Is the Kashmir dispute politically motivated?
Your question requires that I throw some rays of light.The problem involves the inalienable right of the Kashmiri people to self –determination. The fact is recognized by the UN Security Council resolutions.
The principals embodied in the UN Security Council, resolutions 47 (1948) of 21 April 1948. 51 of 3 June 1948, 80 (1950) of 14 March 1950 and 91 (1951) of 30 March 1951, and the United Nations Commission for India and Pakistan resolutions of 13 August 1948 and 5 January 1949 expressly state that the final disposition of the State of Jammu and Kashmir will be made in accordance with the will of the people expressed through the democratic method of a free and impartial plebiscite conducted under the auspices of the United Nations.
This problem is a long lasting one, do you see the possibility of any solution?
The solution is, to conduct a free and fair plebiscite under international auspices as per UN resolutions to determine the will of the people. In this regard, the international community has to ply its role and exercise its influence over India for the implementation of UN resolutions on Kashmir.
India should accept international arbitration or mediation to settle the issue as even Article (51) (d) of Indian Constitution encourages “settlement of international disputes by arbitration”. Violating its own constitutional requirement, India now rejects involvement of third party. If an early solution to the Kashmir dispute is not found, there is a possibility that the continued conflict could escalate embroiling not only the region but the entire world as both India and Pakistan are nuclear powers.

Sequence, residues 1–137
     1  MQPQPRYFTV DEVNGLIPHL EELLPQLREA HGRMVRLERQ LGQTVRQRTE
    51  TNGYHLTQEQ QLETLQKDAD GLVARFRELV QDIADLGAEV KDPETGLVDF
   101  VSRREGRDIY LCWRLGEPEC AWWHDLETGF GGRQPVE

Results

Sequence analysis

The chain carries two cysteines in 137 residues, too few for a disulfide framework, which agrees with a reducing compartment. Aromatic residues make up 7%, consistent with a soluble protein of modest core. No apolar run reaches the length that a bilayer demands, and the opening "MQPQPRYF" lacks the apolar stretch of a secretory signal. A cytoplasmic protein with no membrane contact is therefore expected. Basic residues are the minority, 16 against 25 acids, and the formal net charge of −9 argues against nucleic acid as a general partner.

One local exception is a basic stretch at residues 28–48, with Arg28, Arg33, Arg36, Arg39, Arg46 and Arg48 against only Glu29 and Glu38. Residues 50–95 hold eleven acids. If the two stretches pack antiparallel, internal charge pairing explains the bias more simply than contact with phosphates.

If a referendum is conducted amongst the Kashmiri people . What do you think would be the result? Pakistan or India?
Pakistan’s affinity with the people of Kashmir can be understood in the backdrop of several reasons. Both share strong bonds in respect of religion, geography, culture and aspirations. Since 1947, India’s brutal occupation has been the cause of continued sufferings of the people of Jammu and Kashmir. Due to the atrocities of Indian troops, hundreds of thousands of Kashmiri people have migrated to Pakistan from the occupied territory and the main driving force behind their movement has been their strong emotional attachment to the country.
This affiliation has been accepted even by the first Prime Minister of India, Jawaharlal Nehru. When asked a question in 1965 about holding of plebiscite in Kashmir, he had responded, “Kashmiris would vote to join Pakistan and we would lose it. No Indian government responsible for agreeing to a plebiscite would survive.”
The passing of a resolution by the genuine representatives of Kashmiris in the meeting of Muslim Conference Jammu and Kashmir in Srinagar on 19th July 1947 is a strong evidence of the ideological commonality between Pakistan and Jammu and Kashmir and showed that the Kashmiri people had attached the future of the territory with Pakistan.
The resolution declared that Jammu and Kashmir would be a part of Pakistan and this development had happened about a month before the creation of Pakistan. The people of occupied Kashmir have time and again showed their attachment with Pakistan by raising the slogans of “Long Live Pakistan” and “We Want Pakistan.” They hoist Pakistani flags on the national days of the country and during anti-India demonstrations, whereas they observe such days of India as black days. Wrapping their martyrs in Pakistani flags before burial is a common practice of the Kashmiris.
Both Pakistanis and Kashmiris consider the Kashmir dispute as an unfinished agenda of the partition of the South Asian sub-continent in 1947 and the liberation struggle of the people of Jammu and Kashmir as an inseparable part of Pakistan Movement.